Best practices in evolving how we interact with our customers
It’s not exactly news because they’ve been steadily changing for as long as they’ve been consumers. As technology evolves at an accelerating rate, however, the faster our targets change and the more agile we need to be to engage with them.
Whether in a business-to-consumer or business-to-business relationship, the sales function has always revolved around knowing where a customer is and how they want to be approached - and then approaching them.
But this is no longer true. More than ever, customers don’t want to be engaged on our terms. They want to engage us on theirs. With the field force still accounting for the highest costs from a sales function, and no longer delivering as much ROI, what is a business to do?
In 2015, a major leader in the consumer products manufacturing space, engaged KPMG in the UK to answer just that question.
The client, operating in more than 160 countries, was looking to navigate a difficult environment with many challenges that included heightened regulations, increased competition and a changing economic landscape around the world. Amidst all these concerns, they were facing one more than any other: after traditionally relying on face-to-face sales representatives, how would they evolve to help customers reach them across multiple channels?
The solution was required not only to transform their sales processes, but also expand their customer base—and improve customer experience as a whole.
To do it, KPMG needed to understand the existing customer experience. KPMG in the UK did it by mapping every single consumer journey across the key sales accounts, giving us insight into the lifecycle of a typical customer. What KPMG found was that while face-to-face wasn’t nearly as important to customers in general, it was still valuable as a tool for certain accounts. Thus, they created a blended model of face-to-face, digital and telephony channels. It not only allocated funds where they would be used most efficiently, but also allowed the customers to choose how and when they accessed their services.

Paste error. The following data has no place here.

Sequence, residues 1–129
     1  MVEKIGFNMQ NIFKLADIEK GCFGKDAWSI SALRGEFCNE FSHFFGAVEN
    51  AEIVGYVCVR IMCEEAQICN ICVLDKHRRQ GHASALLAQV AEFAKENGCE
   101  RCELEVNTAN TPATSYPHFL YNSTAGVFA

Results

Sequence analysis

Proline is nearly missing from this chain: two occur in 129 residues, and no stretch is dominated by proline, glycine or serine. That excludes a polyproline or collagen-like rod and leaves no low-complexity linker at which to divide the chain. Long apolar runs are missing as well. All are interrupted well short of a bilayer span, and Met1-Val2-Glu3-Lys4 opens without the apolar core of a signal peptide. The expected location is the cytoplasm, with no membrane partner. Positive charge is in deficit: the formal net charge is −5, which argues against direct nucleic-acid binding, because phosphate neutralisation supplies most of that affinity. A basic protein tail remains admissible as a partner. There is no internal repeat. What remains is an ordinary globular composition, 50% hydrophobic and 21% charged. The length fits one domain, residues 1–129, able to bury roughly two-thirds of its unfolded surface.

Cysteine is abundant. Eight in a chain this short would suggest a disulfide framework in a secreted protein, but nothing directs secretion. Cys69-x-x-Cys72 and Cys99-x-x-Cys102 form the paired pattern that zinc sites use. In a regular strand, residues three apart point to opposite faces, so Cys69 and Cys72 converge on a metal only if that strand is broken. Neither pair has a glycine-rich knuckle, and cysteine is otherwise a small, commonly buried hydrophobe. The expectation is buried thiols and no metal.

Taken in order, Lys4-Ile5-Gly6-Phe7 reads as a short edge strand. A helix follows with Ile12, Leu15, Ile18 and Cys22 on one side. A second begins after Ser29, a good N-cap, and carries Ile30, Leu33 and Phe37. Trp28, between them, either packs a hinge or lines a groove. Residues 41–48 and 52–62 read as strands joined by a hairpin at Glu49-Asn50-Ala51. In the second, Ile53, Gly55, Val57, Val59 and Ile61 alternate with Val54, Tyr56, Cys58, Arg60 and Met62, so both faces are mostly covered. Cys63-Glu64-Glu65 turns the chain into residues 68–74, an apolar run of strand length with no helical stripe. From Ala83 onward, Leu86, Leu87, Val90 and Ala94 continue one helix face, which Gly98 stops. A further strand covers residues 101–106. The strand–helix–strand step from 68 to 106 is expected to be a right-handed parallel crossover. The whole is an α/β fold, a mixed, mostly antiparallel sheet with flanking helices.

This allowed us to avoid a common pitfall. Many organizations are simply reducing the costs allocated to the field force to redistribute elsewhere, because it’s less expensive and can reach more people. It’s always important though, to remember who your sales function is ultimately for: the people who use them. Without them in mind—and without the value your services provide them in mind—your strategy is doomed to fail.
To avoid situations like this, KPMG firms make use of a methodology known as the Six Pillars of Customer Experience Excellence, which blend optimization efforts for the organization with optimization efforts from the standpoint of that most crucial stakeholder, the customers.
In the end, our updated strategy led to helping the client manage costs and support growth while still satisfying their customer base.